The Hunger Games: Catching Fire

Disclaimer: I read the books when they first came out and was really into them until Book 3 where the ending was, in my opinion, hastily concluded. Book 2 was the best read of the trilogy. Oh, and I'm Team Peeta.

The review for: The Hunger Games (23 March 2012)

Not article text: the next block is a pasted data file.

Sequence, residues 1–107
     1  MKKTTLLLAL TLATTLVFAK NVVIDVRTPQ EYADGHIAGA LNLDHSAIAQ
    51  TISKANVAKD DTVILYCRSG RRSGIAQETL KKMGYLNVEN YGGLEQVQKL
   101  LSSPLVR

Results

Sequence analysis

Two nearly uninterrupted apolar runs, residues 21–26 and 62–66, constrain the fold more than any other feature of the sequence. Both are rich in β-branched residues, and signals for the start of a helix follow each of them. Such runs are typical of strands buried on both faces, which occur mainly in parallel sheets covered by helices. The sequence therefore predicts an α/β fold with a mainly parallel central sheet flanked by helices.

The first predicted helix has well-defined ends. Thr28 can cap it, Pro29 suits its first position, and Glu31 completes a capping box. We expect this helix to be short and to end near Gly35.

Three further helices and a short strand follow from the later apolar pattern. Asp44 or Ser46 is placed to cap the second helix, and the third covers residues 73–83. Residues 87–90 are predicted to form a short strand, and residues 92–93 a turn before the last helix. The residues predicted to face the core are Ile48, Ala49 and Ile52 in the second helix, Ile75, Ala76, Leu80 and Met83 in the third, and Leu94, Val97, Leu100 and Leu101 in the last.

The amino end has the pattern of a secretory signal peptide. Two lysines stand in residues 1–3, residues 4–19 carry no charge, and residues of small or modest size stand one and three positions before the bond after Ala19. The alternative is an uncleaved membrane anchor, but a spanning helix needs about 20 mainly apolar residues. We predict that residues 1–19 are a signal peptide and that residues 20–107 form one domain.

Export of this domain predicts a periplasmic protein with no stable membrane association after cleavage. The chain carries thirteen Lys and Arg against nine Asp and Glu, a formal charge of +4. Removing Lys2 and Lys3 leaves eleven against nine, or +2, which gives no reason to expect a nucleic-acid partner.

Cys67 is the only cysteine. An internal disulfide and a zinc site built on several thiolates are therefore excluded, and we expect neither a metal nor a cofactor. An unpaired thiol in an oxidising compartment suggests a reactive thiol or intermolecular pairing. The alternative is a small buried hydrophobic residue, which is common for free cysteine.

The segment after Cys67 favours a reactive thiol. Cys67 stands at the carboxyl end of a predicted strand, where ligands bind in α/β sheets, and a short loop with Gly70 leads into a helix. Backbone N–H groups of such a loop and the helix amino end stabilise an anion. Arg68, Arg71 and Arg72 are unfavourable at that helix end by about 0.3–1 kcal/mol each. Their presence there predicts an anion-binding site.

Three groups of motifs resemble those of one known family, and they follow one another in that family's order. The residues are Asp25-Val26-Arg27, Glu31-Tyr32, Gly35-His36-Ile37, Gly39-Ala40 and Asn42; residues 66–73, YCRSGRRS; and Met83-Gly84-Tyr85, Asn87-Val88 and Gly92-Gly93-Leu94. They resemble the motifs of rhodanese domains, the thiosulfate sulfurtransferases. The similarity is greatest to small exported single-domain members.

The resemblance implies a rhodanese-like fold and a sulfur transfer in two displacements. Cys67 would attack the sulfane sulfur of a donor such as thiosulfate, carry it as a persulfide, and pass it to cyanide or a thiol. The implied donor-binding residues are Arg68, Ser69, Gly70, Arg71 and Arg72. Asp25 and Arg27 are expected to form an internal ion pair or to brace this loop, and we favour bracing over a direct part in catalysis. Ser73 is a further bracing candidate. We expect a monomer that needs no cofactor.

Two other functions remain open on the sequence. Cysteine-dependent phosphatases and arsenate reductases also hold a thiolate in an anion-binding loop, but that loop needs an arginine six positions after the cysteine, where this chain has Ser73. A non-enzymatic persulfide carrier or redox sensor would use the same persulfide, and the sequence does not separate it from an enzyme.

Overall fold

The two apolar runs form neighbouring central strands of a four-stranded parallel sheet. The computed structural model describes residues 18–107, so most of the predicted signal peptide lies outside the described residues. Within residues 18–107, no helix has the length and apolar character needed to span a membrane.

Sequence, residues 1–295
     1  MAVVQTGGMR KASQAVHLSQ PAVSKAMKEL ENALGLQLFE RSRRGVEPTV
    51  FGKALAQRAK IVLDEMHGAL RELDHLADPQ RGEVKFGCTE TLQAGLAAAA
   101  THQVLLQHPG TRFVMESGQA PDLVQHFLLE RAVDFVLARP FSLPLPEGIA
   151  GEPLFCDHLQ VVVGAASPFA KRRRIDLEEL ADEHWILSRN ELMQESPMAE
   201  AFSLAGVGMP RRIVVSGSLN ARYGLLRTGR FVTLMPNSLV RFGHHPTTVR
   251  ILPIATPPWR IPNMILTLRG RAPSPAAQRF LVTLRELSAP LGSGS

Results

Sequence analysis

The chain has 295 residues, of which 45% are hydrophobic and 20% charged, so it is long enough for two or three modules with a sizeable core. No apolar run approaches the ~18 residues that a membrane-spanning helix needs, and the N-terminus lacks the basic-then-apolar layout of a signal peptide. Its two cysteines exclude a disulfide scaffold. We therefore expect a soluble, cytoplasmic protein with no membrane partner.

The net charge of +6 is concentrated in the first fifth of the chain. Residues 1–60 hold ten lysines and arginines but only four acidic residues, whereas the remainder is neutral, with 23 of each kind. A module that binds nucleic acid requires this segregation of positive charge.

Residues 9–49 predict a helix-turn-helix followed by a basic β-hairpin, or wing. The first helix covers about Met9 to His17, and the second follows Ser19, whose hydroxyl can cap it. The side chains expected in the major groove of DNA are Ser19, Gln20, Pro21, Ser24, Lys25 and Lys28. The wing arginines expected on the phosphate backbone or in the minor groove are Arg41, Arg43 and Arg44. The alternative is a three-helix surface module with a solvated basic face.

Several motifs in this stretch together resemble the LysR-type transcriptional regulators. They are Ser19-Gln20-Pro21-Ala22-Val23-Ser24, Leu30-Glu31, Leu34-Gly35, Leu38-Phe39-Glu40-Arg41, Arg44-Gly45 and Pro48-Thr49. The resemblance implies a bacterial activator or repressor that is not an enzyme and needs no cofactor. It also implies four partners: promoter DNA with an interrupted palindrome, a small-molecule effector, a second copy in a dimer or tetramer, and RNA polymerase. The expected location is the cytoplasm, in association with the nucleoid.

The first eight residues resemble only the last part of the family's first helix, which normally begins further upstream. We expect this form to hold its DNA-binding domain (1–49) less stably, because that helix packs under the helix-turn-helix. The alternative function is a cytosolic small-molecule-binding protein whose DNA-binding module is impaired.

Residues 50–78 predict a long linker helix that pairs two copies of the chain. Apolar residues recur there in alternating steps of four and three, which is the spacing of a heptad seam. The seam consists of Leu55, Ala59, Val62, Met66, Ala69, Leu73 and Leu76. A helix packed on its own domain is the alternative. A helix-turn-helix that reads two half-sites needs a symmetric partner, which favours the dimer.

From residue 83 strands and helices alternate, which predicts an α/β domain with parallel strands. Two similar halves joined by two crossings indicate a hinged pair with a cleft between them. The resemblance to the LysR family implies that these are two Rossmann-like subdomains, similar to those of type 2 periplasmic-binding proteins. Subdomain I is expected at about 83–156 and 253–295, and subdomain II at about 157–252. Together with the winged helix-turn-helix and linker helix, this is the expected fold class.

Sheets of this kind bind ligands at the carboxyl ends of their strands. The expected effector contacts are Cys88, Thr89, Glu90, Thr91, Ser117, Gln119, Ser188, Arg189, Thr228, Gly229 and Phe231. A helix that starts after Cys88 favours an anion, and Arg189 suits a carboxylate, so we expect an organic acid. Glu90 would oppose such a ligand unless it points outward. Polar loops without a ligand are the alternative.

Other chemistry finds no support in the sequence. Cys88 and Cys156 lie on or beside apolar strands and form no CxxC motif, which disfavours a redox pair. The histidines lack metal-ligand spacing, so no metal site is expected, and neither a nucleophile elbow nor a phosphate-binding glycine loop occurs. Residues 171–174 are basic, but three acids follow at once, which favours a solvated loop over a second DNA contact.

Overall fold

The best thing about this instalment is, like its predecessor, Jennifer Lawrence. Although she is let down by her director Francis Lawrence here and the general direction of this cinematic franchise. By focusing on the YA market and the general dumbing down of Hollywood productions, the socio-political commentary and satirical aspect of Suzanne Collins novels is lost. Although we spend the First Act establishing the political background of the show, we do not spend time in it to understand much about it. Similarly, this made villain Donald Sutherland rather un-intimidating. Jennifer Lawrence, does however, have her fine acting moments when she finally comes to terms with her role in the situation, but sadly those are far and in between. Instead, we have more moments where she portrayed Katniss as a wishy-washy tramp. The other standouts include Elizabeth Banks, who looks like she may be getting bored; Woody Harrelson and Philip Seymour Hoffman who were the bright sparks in their scenes; Sam Claflin as the charismatic Finnick Odair who almost set up Team Finnick; Jena Malone as Johanna Mason who surprised me with her on screen presence and whom I would not mind seeing again in the next movie; and of course, the vastly under-rated Hutcherson who can portray their sincere, simple, heart-broken tenderness so well that only a fool would choose the silver-screen Gale against him. Francis Lawrence direction led to an overlong, badly paced movie with poorly lit scenes that marred the supposedly exciting Third Act. When a reader who knows all the twists is watching this faithful-ish adaptation, there is really nothing much to look forward to except the occasional brilliant acting from the cast. The direction is mediocre with some scenes too forced, too long and too distant. And of course the lack of focus on the socio-political aspects of this dystopia. Even James Newton Howard's score was generic. I do not see how this movie can benefit from 3D or an IMAX experience. This is way better and funnier: Sesame Street: The Hungry Games - Catching Fur.

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